History of the Borough
4: From 1205 to 1630
Following the granting of its first charter in 1205 Huntingdon received a further sixteen charters during the years up to 1630. Most of these simply confirmed and consolidated the town's existing rights, but occasionally new rights were granted. The 1349 royal charter, for instance, allowed the burgesses to build a prison. The main aim of the 1363 charter, was to allow the burgesses to confiscate stolen property: a power they made the most of during the 1381 agricultural revolts, as the uprising was particularly serious in Huntingdonshire.
The burgesses soon had so much power that a separate class-within-a-class emerged, the bailiffs, who did all the real work, making sure the market's regulations were being followed, checking the weights and measures being used, and punishing offenders. There were only two bailiffs at any one time.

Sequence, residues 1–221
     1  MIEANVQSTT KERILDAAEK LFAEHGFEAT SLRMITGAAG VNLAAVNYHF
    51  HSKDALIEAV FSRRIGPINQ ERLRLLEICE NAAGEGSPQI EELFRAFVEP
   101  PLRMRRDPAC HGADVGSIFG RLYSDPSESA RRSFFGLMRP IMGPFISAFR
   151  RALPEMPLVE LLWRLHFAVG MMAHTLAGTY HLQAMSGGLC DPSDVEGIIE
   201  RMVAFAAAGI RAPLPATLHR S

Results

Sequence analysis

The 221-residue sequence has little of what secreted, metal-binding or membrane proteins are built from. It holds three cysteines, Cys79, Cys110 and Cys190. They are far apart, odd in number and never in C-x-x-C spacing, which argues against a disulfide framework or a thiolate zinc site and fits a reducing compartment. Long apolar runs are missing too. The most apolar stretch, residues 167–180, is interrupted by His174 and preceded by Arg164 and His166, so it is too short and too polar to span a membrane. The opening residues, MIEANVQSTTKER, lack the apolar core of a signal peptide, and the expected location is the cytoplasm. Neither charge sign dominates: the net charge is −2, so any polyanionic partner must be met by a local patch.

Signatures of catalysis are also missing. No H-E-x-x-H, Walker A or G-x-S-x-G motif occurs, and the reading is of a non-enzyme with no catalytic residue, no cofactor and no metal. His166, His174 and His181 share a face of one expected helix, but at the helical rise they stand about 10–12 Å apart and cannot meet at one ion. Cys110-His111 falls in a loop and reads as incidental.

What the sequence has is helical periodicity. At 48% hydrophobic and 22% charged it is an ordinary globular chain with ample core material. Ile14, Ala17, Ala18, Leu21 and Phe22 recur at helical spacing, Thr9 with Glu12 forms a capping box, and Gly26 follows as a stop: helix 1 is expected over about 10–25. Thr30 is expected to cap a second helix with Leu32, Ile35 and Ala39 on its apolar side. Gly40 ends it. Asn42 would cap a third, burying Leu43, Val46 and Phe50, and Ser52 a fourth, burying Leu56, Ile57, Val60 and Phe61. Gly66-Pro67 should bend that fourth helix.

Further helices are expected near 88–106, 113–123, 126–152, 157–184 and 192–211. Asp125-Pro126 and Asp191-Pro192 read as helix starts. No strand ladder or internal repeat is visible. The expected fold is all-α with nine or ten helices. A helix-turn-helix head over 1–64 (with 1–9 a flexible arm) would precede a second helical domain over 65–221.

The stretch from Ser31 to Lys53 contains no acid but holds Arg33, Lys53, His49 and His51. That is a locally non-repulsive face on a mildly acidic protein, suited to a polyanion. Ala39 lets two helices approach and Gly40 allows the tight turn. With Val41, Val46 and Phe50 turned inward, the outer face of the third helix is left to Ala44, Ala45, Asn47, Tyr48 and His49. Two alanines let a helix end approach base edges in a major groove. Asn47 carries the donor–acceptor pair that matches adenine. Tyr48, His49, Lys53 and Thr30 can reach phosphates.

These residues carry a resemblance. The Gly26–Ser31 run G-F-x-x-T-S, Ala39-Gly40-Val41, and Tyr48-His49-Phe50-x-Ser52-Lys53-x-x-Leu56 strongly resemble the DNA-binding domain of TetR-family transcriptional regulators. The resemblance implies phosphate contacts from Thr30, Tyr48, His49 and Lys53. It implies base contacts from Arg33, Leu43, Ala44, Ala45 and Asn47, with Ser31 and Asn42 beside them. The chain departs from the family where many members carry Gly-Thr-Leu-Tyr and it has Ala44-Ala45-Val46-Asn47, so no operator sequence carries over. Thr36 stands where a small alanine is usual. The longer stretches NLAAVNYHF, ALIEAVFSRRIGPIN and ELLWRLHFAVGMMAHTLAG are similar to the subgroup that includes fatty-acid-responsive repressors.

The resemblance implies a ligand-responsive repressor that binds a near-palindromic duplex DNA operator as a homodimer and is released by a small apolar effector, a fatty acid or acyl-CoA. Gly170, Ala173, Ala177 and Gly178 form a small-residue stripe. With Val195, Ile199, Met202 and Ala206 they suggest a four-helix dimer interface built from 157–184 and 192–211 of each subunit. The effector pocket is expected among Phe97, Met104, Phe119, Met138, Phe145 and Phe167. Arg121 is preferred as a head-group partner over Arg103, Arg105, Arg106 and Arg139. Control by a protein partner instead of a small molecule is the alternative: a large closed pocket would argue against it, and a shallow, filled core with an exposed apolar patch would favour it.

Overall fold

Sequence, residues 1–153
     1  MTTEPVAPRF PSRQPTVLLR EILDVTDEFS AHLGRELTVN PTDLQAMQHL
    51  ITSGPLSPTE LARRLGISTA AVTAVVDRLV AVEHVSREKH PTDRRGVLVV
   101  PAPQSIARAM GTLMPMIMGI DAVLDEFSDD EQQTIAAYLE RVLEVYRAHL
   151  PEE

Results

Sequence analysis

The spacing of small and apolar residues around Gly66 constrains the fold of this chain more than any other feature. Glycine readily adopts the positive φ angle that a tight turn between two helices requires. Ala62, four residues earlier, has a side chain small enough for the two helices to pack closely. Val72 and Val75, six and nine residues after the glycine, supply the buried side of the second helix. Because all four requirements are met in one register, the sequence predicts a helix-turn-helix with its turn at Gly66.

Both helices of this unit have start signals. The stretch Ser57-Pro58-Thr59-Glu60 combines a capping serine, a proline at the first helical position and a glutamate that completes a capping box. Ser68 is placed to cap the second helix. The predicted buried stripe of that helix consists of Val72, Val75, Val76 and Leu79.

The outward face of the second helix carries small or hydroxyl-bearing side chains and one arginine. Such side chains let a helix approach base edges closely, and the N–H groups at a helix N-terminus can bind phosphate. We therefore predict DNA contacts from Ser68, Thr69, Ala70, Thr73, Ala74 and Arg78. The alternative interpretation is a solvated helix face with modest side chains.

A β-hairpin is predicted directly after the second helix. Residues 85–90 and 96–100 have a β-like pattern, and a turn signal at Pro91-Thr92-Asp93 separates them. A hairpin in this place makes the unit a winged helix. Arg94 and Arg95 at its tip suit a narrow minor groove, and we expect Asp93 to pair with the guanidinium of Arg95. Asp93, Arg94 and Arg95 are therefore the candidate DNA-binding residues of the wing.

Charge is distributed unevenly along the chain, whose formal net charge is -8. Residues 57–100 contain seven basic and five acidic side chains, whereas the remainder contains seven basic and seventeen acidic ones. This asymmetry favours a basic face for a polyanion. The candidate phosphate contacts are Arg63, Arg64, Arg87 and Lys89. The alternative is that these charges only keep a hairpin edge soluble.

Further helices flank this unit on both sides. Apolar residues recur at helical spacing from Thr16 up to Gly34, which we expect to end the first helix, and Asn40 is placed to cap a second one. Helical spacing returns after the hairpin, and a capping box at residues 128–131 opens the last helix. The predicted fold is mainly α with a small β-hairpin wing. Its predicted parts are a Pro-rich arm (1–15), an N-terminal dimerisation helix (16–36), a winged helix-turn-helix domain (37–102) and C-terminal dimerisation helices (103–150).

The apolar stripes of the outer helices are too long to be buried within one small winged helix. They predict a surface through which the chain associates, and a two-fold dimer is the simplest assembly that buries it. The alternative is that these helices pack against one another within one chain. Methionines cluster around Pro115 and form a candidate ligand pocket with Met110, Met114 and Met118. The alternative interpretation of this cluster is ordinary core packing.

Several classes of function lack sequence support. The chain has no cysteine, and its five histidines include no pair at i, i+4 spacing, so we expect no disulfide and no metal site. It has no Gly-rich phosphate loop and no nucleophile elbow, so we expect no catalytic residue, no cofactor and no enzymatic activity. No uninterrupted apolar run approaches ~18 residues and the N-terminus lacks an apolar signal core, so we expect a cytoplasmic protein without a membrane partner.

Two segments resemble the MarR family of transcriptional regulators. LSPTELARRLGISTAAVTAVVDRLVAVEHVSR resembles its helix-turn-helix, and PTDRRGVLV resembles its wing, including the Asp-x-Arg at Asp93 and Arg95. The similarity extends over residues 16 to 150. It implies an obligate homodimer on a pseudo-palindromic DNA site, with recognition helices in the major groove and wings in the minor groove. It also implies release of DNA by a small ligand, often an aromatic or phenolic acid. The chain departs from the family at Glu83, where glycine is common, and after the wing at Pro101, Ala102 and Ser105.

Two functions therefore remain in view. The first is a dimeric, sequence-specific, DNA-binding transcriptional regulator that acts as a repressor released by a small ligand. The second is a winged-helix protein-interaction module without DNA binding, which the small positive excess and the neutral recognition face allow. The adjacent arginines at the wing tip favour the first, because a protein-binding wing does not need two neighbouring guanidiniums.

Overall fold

This informal hierarchy was officially recognised in the twelfth charter, granted by Richard III in 1484, which decreed that from now on Huntingdon's bailiffs and burgesses should form one legal body, the 'corporation.' Incorporated status meant that the town was now a legal entity in its own right, and could sue or be sued in legal cases through the Town Clerk. Before 1484 it had been necessary to sue every burgess separately, an expensive and time-wasting procedure. The new corporation was named 'The Bailiffs and Burgesses of Huntingdon,' the two bailiffs appointed being the equivalent of a modern Mayor and Deputy Mayor. A common seal was also granted, for use in attesting official documents.
Other officers of the borough included:
- the chamberlain or treasurer
- the coroner, who investigated strange deaths, on behalf of the King
- the town clerk, first mentioned during the 15th century, who kept the borough's records, gave advice to the bailiffs, and who often did the work of other officers whenever there was a vacancy
- the recorder, who wrote down the decisions made by the borough. After 1630 the recorder's role was more that of a legal expert or solicitor to the borough.